Violence in the home is a serious issue that should not be ignored, but usually requires advance planning by the victim to avoid further harm. For married spouses looking to divorce, domestic violence complicates an already emotional process and often alters procedural aspects of a divorce case, as well as the application of the law. Event planning and initiating a divorce is more complex as victims are frequently forced to keep their actions secret until safely out of the home. With over 100,000 reports of domestic violence made in Florida in 2014, the state has a legitimate interest in stopping and preventing further abuse. Because of the sensitive nature of domestic violence, victims considering divorce need to know about the impact of this issue before the formal legal process starts. This information will give domestic violence victims valuable information they can use to protect themselves and their families, as well as what to expect once the divorce is granted.
What Qualifies as Domestic Violence According to the Law?
Living for years with the daily fear of violence from a spouse or partner can make such behavior seem normal, and understanding what is considered domestic violence may not be easy. Florida views any act that causes physical injury or death to a family member or other person in the household to be domestic violence. In addition to physical acts that cause injury or death, the following are specifically recognized as domestic violence:
- assault/aggravated assault;
- sexual assault;
- battery/aggravated battery;
- stalking; and
- false imprisonment.
Is a Domestic Violence Injunction (Restraining Order) Necessary?
If the person seeking divorce is in fear for his/her safety or that of a child, asking for a domestic violence injunction may be a good choice. A restraining order is an order of protection issued by a court that prohibits a party that poses a danger to another from communicating or making any contact with the other party in hopes of preventing additional violence. Note that threats of violence are enough justification for a court to issue an injunction. Typical restrictions found in domestic violence injunctions include:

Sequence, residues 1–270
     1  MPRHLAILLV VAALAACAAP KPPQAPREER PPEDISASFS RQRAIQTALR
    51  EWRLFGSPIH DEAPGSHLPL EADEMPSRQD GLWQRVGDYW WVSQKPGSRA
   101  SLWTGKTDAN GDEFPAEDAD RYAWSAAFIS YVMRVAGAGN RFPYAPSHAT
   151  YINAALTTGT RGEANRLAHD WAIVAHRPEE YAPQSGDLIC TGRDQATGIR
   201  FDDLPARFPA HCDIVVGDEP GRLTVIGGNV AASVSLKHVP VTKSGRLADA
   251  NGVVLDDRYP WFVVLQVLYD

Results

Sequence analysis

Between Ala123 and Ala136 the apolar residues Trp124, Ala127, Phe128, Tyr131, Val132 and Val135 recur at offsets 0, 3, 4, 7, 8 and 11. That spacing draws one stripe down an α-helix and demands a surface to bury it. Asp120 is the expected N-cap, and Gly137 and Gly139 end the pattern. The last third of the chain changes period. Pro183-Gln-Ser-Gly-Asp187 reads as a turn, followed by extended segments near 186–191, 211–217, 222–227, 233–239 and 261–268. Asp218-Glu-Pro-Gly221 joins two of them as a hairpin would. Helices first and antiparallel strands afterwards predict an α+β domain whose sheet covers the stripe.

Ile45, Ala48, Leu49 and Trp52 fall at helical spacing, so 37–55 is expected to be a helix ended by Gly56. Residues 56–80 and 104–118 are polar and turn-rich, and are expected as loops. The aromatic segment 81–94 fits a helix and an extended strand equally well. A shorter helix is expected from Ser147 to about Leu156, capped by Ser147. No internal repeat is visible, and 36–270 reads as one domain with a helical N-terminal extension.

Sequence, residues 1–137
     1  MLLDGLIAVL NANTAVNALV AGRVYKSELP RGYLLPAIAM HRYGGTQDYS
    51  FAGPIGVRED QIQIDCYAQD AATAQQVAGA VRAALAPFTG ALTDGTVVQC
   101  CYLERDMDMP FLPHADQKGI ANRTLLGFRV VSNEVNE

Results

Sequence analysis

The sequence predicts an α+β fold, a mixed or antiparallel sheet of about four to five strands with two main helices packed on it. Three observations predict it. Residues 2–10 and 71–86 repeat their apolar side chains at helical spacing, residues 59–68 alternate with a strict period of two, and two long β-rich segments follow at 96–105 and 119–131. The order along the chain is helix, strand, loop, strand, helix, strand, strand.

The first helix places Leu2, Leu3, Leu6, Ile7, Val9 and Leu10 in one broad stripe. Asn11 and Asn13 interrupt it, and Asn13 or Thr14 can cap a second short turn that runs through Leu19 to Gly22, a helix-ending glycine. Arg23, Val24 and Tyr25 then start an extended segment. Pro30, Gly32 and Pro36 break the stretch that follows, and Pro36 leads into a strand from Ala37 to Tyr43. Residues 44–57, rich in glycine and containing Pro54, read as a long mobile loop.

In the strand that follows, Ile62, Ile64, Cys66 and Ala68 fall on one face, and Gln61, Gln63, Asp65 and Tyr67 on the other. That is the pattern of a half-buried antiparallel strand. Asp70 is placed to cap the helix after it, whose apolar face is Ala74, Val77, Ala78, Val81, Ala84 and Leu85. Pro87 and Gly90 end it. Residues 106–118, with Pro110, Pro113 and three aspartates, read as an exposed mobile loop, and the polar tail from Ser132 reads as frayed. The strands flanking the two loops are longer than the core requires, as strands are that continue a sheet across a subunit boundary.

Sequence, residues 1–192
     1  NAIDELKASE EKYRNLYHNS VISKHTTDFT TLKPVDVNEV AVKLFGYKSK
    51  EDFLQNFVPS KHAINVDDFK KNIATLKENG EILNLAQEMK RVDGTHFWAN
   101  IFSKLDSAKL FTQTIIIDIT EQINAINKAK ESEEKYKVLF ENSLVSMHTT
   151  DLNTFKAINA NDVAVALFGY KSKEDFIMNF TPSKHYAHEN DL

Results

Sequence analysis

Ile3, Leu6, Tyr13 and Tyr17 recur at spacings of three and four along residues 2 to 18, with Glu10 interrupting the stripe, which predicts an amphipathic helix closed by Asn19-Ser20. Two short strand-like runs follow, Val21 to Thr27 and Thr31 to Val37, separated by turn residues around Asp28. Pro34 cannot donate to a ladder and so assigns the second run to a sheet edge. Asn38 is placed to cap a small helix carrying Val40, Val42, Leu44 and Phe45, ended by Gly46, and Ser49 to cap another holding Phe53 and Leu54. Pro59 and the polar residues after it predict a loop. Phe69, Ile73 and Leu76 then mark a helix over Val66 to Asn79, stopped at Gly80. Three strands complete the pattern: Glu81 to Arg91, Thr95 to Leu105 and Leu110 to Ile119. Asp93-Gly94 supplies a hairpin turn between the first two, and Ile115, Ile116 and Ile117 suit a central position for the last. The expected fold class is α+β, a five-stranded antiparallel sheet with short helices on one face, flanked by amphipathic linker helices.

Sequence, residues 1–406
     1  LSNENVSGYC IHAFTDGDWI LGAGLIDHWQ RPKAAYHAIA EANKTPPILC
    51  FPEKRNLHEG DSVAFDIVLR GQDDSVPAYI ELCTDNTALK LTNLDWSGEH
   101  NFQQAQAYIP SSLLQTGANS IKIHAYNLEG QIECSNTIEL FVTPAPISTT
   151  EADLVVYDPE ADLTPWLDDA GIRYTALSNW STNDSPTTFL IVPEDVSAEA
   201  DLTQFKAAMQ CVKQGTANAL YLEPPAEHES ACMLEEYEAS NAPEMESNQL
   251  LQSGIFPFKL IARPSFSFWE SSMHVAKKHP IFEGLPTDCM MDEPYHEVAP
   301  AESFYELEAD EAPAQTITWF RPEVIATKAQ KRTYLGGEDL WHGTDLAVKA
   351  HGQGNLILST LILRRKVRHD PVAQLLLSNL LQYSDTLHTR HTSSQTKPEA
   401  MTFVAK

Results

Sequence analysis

- blocking the abuser from occupying or visiting the marital home, which is important for a spouse seeking divorce that has limited housing options;
- prohibiting the abuser from going to places routinely frequented by the victim, such as the child’s school and his/her workplace; and
- granting the victim temporary sole custody of the child, which could become permanent depending on the outcome of the divorce case.
What Is the Impact on Child Custody?
Florida specifically looks at evidence of domestic violence when making child custody determinations. Typically, courts seek to grant shared custody of a child equally between the parents, unless such an arrangement would create a detriment to the child. The best interests of the child is always the primary factor in any child custody decision, and if the court believes a parent accused of domestic violence could pose a risk to the child or the other parent, it has the option of awarding sole custody to the victimized party. Conviction of a domestic violence offense is automatically viewed as being detrimental to the child, and the guilty parent must rebut this presumption to avoid limited or no rights over the child. Without a conviction, evidence of domestic violence will still factor into the evaluation of the best interests of the child, and should impact the judge’s decision on the division of parental responsibility.
Get Legal Help
If you are dealing with domestic violence issues and think that divorce may be your way out, talk to a divorce attorney about how to initiate this process in as safe a manner as possible. The All Family Law Group, P.A. represents clients in the Tampa Bay area in a variety of divorce and family law matters, and can help you take the necessary steps to getting your life in order. Contact the Tampa divorce attorneys and family lawyers at All Family Law Group, P.A. in Tampa Bay at 813-816-2232 for a consultation at no charge or email us.
by Lynette Silon-Laguna Google+